Two words about Mary from the Bible describe most of our lives in December: “in haste.”
We run in haste to the mall, post office and grocery store. In haste, we rush to office parties and pageants.We pack the bags and the car, or race to get the house clean and ready.
There are only 24 days in the month to fit everything in, soall must be done with haste. While the month of December has moments of joy, for many, words like “stressed” and “overwhelmed” more adequately describe the norm.
But if there were ever a woman who had an excuse for feeling overwhelmed and needing to be “in haste” in the days leading up to Christ’s birth, it would be Mary.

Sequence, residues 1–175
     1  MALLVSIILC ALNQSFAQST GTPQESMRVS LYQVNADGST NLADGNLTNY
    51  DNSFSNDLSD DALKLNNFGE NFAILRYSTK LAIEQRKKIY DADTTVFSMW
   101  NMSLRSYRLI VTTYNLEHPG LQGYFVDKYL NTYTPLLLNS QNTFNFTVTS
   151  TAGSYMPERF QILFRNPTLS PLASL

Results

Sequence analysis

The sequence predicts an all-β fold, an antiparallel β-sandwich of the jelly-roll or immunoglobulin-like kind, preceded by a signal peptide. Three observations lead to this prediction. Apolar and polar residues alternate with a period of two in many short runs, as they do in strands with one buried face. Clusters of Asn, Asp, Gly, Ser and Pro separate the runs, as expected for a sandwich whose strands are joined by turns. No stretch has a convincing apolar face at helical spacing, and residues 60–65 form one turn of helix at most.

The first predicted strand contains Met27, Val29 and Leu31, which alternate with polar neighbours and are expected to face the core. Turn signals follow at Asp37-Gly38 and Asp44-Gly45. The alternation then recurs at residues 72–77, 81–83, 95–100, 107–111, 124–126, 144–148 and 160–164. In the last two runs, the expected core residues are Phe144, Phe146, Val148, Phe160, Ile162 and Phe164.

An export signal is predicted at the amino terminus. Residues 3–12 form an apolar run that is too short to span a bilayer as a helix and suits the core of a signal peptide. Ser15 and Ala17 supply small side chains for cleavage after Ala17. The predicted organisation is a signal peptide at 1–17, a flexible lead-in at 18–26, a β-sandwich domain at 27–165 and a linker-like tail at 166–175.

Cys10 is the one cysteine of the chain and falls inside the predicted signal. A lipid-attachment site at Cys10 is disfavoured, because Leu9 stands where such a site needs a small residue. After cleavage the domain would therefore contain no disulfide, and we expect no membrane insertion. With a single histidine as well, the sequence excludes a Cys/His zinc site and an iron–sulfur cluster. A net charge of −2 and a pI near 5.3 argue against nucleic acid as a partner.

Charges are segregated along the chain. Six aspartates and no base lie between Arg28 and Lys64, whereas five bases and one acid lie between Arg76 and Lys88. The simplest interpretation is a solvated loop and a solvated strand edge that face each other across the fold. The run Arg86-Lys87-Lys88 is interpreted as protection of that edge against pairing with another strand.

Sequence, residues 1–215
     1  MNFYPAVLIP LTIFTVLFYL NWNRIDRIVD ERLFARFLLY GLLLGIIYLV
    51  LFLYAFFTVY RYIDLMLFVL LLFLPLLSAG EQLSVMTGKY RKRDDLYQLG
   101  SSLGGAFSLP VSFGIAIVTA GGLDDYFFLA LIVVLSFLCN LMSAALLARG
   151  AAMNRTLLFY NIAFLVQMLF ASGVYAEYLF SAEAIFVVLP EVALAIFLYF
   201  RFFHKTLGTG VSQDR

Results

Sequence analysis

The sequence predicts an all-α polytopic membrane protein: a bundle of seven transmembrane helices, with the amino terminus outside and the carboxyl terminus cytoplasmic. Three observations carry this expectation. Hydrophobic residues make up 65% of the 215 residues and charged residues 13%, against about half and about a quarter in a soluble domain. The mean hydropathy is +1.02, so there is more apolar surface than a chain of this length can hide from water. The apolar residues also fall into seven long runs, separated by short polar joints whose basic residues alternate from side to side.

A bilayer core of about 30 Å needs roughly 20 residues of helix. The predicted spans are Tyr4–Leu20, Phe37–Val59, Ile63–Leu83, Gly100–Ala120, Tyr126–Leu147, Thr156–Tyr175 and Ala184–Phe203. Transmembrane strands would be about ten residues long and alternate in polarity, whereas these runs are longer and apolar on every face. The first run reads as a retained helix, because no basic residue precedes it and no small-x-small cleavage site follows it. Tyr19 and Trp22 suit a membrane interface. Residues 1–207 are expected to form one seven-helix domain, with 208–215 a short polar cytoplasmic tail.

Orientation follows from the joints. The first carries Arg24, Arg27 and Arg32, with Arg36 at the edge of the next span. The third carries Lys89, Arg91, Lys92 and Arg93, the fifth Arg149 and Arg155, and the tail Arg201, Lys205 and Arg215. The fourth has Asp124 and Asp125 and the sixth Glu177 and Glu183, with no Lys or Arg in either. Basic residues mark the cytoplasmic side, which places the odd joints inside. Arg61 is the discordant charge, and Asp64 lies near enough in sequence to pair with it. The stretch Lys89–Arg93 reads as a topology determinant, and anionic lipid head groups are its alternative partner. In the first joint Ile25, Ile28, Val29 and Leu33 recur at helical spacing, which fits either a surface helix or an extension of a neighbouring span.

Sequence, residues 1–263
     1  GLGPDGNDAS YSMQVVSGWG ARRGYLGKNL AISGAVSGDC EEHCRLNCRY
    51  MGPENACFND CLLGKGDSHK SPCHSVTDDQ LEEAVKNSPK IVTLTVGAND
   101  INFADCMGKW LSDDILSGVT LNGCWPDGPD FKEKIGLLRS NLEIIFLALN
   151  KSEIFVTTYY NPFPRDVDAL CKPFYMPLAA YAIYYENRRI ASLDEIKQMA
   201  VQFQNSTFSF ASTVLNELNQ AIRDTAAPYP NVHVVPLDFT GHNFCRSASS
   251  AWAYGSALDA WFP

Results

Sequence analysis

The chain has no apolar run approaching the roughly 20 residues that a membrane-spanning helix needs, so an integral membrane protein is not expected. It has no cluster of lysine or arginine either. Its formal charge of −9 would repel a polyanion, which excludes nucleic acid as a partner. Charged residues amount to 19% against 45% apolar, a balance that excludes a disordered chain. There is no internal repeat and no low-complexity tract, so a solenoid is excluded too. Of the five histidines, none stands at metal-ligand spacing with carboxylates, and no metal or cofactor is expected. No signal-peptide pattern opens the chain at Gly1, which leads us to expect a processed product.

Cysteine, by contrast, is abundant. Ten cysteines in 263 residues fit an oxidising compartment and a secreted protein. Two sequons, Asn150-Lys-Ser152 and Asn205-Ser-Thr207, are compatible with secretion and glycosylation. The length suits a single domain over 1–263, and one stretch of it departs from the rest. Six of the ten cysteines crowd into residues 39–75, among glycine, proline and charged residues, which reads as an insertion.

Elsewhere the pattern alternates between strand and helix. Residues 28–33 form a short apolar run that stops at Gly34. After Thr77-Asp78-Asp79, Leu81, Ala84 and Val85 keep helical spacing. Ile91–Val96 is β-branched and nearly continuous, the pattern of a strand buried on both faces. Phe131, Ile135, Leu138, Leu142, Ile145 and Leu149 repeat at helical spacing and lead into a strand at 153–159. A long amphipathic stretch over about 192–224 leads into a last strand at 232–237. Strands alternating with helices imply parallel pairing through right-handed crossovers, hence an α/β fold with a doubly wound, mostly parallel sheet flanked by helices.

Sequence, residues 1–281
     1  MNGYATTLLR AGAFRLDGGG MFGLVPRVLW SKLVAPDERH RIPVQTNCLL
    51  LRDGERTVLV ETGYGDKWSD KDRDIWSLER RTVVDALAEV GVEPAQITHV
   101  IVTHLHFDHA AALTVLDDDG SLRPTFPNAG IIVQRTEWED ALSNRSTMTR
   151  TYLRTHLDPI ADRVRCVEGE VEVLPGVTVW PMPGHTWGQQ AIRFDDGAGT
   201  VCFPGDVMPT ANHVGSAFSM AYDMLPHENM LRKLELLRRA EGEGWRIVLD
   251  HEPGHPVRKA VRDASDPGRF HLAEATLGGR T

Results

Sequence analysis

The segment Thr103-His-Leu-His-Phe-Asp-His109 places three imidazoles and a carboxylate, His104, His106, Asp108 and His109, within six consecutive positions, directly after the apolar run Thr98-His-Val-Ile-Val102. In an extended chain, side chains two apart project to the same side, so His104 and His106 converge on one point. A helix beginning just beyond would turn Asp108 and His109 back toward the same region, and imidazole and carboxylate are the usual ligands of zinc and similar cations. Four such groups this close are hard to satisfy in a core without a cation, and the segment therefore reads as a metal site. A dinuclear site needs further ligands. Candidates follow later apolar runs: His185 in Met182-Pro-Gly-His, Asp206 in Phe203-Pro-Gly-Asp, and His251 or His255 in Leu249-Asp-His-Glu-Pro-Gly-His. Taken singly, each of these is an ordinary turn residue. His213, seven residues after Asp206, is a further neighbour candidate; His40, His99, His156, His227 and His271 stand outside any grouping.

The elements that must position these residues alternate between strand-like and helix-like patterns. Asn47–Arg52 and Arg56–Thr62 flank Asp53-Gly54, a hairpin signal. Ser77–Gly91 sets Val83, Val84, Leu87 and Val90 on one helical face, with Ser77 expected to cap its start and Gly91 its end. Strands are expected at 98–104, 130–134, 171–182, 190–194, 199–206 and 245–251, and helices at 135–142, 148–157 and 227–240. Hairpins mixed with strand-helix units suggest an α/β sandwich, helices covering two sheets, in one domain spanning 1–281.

Think about all she had on her shoulders. The angel Gabriel just announced that she’s having a baby. That alone would be big news! But Gabriel goes on to tell her that this baby will be not any ordinary child, but the Prophesied One — Israel’s long-awaited Messiah-King. And that’s not all: Mary will conceive this child not by natural means, but as a virgin through the power of the Holy Spirit. There’s never been a conception like that before! Her child will be the holy Son of God.
That’s a lot to take in from one short conversation with an angel. It’s fair to say Mary has a lot going on in her life in the days leading up to Christ’s birth. Even if she were living by today’s standards, everyone would have understood if she didn’t get Christmas cards out that year or if her house were not spotlessly clean or the gifts arrived late in the mail.